The result on Ubuntu:
The result on Manjaro:
These are two new installations. As you can see, Manjaro has 24 activated daemons and Ubuntu has 90. This type of overload can only have an impact.
Your mileage may vary, but for me, speed was a big advantage for Manjaro.
Manjaro is a lean Linux machine
Ubuntu has a multitude of applications. Manjaro is based on Arch Linux and adopting many of its principles and philosophies, it adopts a different approach.
Compared to Ubuntu, Manjaro might seem undernourished. You get a simplified installation, which means a quick installation time, then you choose the applications of your choice. It comes with an email client, a web browser, an office suite and some of the other staples, but apart from that, you decide what apps you want and install them.
Manjaro has the impression of driving a kart you built yourself. Ubuntu looks like a large, comfortable and well-stocked RV. There is something to be said for both approaches. It may seem more logical for you to start light and load only what you want. If you prefer the "everything and the kitchen sink" approach, it's an advantage for Ubuntu.
Manjaro does not take his minimalism as far as Arch Linux. With Arch, you really start with a blank slate and adjust the settings manually. You edit a file to specify the layout of your keyboard and another to set the fonts for your terminal. Once the default Arch installation is complete, you have a Linux instance running on the command line. Do you want a graphical desktop environment? Go ahead, you have a choice. Choose one, install it and set it up.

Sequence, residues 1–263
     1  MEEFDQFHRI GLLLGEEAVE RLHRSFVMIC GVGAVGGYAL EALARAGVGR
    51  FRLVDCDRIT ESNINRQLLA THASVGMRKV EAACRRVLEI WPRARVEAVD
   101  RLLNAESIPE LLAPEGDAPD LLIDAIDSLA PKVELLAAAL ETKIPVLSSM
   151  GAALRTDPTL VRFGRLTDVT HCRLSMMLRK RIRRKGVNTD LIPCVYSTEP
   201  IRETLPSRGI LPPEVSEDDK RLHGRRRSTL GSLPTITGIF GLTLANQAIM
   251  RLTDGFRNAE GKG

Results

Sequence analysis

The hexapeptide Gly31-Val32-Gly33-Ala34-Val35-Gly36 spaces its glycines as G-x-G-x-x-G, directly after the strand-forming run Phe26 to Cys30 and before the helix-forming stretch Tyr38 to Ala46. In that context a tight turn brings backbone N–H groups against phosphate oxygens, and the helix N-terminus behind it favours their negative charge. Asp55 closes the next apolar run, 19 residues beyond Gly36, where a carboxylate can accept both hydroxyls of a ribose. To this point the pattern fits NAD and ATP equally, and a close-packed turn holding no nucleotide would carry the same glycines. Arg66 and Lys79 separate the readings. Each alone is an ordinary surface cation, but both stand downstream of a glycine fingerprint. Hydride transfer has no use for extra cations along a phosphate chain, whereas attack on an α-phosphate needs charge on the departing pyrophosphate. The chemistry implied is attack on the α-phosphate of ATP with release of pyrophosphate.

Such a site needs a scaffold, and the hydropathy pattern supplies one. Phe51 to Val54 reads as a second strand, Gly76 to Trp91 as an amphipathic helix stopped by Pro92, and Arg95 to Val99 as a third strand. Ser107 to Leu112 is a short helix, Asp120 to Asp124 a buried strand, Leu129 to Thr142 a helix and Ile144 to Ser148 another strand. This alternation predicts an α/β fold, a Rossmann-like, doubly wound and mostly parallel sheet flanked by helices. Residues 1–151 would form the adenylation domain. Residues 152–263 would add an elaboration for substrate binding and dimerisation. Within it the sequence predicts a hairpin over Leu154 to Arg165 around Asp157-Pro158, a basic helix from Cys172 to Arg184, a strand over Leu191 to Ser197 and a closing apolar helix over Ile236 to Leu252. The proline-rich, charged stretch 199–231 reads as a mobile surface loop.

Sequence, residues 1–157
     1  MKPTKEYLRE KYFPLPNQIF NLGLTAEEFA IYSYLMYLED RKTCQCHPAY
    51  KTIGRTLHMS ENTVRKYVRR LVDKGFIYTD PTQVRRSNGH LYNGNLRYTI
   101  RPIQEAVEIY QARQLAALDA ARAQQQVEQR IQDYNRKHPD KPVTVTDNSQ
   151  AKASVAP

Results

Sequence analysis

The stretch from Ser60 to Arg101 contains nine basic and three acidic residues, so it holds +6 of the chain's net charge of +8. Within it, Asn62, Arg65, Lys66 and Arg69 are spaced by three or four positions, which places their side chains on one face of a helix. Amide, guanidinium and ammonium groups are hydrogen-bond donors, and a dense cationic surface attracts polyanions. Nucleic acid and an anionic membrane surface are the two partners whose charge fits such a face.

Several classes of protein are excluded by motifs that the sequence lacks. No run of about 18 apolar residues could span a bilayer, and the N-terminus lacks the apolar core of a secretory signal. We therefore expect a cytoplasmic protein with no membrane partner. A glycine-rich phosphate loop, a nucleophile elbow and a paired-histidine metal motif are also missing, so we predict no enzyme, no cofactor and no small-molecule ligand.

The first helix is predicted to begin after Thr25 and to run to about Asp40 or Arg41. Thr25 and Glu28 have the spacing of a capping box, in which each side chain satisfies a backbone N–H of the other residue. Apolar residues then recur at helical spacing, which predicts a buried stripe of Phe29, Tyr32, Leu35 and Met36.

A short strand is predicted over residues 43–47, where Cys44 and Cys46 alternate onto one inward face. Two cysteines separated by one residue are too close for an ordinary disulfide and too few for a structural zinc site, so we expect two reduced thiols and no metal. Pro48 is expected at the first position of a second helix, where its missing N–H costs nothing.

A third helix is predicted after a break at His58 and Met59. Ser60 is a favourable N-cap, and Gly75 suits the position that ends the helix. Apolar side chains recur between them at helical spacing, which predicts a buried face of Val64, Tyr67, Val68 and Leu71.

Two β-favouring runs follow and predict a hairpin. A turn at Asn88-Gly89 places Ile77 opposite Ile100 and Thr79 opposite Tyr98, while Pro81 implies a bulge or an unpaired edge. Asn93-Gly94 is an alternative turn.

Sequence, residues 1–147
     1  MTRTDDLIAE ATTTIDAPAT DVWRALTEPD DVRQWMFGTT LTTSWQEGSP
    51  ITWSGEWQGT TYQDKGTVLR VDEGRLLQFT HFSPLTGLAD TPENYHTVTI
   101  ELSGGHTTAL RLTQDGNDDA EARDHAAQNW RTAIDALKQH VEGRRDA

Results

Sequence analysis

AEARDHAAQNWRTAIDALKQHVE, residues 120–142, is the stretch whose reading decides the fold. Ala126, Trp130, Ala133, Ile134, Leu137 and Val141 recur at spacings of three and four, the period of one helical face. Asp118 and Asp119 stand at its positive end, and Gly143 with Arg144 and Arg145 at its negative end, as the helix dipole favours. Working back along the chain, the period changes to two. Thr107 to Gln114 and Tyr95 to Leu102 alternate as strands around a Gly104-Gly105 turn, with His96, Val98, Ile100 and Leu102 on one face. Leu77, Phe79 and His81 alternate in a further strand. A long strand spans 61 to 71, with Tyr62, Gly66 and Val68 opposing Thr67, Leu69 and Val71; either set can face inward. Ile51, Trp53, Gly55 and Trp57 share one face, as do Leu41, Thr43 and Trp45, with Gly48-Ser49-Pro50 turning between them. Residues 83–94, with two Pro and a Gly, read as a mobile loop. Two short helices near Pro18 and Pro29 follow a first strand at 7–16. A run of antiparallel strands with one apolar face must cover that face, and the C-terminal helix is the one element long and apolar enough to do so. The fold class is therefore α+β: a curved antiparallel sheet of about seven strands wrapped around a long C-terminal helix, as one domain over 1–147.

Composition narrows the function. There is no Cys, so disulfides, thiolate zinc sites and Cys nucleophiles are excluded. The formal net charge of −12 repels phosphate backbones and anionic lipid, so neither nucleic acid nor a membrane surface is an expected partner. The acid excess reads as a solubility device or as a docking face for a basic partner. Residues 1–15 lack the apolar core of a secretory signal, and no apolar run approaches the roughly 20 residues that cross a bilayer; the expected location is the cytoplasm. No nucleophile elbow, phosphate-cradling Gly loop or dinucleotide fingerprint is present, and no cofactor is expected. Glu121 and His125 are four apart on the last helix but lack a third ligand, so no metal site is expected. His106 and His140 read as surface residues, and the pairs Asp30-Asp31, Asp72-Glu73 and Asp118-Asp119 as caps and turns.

If Manjaro looks like a homemade kart, Arch wants to melt his own iron ore to make the materials needed to make the kart. But it's Arch's glory: nothing is preordained.
If you are not a purist, or if you do not need this degree of accuracy, Manjaro is probably as close to pure Linux as you want. Compared to Ubuntu, it's a pretty different experience. He feels pure, neat and responsive.
If you have ever used an official Google smartphone, such as a Nexus or a Pixel, and experienced Android naked, you will appreciate the difference. With Google smartphones, you do not have another manufacturer's "improvement" levels between you, the operating system, and the tools.
That's what Manjaro feels, that's another point from me.
Relaxation of the bleeding edge
Ubuntu has two regular releases each year: one in April and another in October. This is what is called the fixed version or punctual release system. Applications and features are developed and tested. When they are ready, they are submitted to be included in the next release. When the publication date arrives, the entire updated distribution is made available.